Blockchain technology is something many innovation experts are heralding as the way of the future. On the simplest level, blockchains are public ledgers that record transactions shared among many users. Once data is entered on a blockchain, it is secure and unalterable, and provides a permanent record. Blockchains provide the ultimate in transparency and trust, making this technology an exciting prospect for organizations that strive to conduct transparent business.
In June 2017, the National Research Council of Canada, through its Industrial Research Assistance Program (NRC IRAP), hosted a blockchain kickoff session that brought together colleagues from across Government. At this meeting, NRC IRAP unveiled its plans to test the viability of blockchain technology in administering the Program's Contribution Agreements (innovation funding) with Canadian small and medium-sized enterprises (SMEs). The experiment would provide a first real-use case of its kind for Government and other public institutions.
The blockchain experiment brings together a perfect mix of uniquely Canadian elements— an innovative Canadian business in the blockchain technology space (Bitaccess), funding from Public Services and Procurement Canada's Build in Canada Innovation Program, and NRC IRAP, whose work with SMEs across Canada generates a large volume of financial transactions and recordkeeping that requires transparency and public disclosure.
In January 2018, NRC IRAP successfully launched the Government of Canada's first-ever live trial of public blockchain technology (on Ethereum) for the transparent administration of government contracts. The program began proactively publishing information on new and amended Contribution Agreements with firms in real time.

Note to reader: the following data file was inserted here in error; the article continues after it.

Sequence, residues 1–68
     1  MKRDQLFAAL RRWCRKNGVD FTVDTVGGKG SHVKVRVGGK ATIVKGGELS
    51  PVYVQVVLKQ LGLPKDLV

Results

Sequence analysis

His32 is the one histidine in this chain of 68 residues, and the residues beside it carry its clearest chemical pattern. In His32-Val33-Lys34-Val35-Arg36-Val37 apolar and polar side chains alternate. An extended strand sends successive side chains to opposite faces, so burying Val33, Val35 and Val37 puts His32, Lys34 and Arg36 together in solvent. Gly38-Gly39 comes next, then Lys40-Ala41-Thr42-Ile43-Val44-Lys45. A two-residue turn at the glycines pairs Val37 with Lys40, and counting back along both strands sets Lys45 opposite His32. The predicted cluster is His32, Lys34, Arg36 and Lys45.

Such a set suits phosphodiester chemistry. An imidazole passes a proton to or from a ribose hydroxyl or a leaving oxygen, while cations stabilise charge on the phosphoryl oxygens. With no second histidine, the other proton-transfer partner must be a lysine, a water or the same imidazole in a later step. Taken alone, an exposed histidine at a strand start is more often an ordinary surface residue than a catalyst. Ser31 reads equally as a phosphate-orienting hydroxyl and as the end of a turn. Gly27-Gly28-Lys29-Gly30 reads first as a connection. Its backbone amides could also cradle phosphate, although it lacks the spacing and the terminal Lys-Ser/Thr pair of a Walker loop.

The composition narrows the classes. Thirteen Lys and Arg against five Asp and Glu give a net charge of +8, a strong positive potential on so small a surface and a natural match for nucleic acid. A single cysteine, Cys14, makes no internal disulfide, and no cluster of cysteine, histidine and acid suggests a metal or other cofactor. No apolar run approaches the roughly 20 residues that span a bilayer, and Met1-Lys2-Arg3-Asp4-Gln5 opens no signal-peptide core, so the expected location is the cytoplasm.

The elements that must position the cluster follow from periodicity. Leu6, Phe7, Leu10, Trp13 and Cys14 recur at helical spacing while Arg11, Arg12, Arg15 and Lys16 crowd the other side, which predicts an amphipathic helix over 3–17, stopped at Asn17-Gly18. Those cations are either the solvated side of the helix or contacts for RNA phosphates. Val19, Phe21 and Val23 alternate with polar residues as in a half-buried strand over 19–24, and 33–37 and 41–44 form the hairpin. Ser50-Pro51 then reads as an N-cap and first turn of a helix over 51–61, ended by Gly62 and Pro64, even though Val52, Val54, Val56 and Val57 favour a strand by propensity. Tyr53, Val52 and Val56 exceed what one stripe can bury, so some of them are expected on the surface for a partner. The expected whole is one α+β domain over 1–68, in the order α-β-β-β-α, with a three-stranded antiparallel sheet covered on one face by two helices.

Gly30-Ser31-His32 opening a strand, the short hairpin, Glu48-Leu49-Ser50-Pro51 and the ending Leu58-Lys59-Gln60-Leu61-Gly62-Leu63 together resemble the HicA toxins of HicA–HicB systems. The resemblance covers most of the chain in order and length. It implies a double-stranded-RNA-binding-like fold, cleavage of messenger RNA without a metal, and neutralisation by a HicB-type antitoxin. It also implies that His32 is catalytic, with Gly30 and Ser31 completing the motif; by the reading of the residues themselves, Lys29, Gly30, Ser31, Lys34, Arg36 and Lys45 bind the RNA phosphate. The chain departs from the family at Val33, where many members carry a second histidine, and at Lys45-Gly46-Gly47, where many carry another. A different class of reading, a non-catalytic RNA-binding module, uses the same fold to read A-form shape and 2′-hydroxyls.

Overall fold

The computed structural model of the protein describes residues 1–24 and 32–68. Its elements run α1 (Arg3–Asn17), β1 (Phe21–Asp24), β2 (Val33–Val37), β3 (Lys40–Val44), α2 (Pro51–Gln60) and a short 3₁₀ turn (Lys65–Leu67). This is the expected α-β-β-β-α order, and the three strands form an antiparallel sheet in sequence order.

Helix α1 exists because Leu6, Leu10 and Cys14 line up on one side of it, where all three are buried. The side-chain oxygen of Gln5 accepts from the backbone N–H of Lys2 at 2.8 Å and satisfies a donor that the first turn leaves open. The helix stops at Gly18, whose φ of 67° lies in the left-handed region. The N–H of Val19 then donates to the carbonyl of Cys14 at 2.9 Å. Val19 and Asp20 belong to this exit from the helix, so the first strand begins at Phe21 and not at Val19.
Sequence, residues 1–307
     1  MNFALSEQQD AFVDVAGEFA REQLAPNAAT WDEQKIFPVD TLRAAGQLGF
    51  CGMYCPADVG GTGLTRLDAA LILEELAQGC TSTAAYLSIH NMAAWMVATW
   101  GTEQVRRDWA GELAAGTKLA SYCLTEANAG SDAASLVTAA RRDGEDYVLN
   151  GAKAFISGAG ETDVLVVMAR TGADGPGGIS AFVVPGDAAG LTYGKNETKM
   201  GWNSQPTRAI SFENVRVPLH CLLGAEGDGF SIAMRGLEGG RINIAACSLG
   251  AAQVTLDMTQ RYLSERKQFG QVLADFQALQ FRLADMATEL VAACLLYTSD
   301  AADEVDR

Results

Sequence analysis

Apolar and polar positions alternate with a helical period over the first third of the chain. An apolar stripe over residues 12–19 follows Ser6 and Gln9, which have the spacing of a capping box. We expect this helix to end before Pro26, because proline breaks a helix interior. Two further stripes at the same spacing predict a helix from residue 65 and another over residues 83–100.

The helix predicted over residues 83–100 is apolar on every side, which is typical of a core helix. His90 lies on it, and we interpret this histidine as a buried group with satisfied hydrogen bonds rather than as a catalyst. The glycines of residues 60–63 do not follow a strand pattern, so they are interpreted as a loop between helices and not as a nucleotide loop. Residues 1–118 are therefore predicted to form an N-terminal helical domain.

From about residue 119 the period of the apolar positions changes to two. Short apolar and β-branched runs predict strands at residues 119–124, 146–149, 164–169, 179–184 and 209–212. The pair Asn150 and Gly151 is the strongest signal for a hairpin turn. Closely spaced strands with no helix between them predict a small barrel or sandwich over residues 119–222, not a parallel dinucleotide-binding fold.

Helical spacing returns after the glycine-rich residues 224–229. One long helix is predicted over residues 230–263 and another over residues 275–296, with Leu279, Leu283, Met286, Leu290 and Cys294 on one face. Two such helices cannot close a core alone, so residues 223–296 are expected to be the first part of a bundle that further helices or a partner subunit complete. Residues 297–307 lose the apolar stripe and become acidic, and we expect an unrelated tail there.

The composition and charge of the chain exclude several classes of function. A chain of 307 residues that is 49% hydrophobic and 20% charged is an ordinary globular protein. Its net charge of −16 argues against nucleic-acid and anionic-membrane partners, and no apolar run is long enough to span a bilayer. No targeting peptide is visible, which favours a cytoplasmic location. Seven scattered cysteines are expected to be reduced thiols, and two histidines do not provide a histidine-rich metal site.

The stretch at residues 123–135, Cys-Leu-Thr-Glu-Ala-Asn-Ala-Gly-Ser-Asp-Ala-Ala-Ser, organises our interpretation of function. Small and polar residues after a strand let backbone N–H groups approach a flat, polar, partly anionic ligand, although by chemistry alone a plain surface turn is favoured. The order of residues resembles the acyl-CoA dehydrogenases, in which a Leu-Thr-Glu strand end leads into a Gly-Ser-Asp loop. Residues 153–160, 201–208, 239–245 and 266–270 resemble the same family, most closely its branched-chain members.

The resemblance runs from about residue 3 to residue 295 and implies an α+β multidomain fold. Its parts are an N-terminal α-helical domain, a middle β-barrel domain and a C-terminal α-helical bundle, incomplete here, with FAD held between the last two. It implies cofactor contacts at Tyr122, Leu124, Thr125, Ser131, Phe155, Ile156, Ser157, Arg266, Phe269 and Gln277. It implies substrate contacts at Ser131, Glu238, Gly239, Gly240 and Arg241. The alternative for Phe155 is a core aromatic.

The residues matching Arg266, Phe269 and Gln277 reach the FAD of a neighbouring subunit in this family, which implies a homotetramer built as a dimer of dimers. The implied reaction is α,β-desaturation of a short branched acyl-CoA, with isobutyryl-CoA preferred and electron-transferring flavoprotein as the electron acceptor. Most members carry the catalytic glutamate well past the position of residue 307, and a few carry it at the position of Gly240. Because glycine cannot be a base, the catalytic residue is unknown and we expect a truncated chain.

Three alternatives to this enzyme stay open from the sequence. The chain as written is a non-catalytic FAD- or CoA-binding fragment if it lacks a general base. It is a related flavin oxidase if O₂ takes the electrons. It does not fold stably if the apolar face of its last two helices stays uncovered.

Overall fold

Since the launch, NRC IRAP has been exploring ways to expand its experiment with blockchain and reliably share data with the public. The program is now hosting its blockchain explorer application, developed by Bitaccess, on the InterPlanetary File System (IPFS).
IPFS functions as a peer-to-peer method of storing and sharing data in a distributed manner. Unlike regular webpages, web applications hosted on IPFS are unalterable and can be accessed far into the future, even if the original web host has gone offline. In other words, the web application used to view NRC IRAP's blockchain data - also known as a blockchain explorer - is not being hosted in only one location where it could be subject to site failure or other access issues. Instead, the move to IPFS will ensure the application is hosted by a multitude of computers so data is always accessible and immutable.
These are early days, but NRC IRAP's experiments with blockchain are expected to provide constructive insight into the potential for this technology and how it may be used for more open and transparent operations for public programs.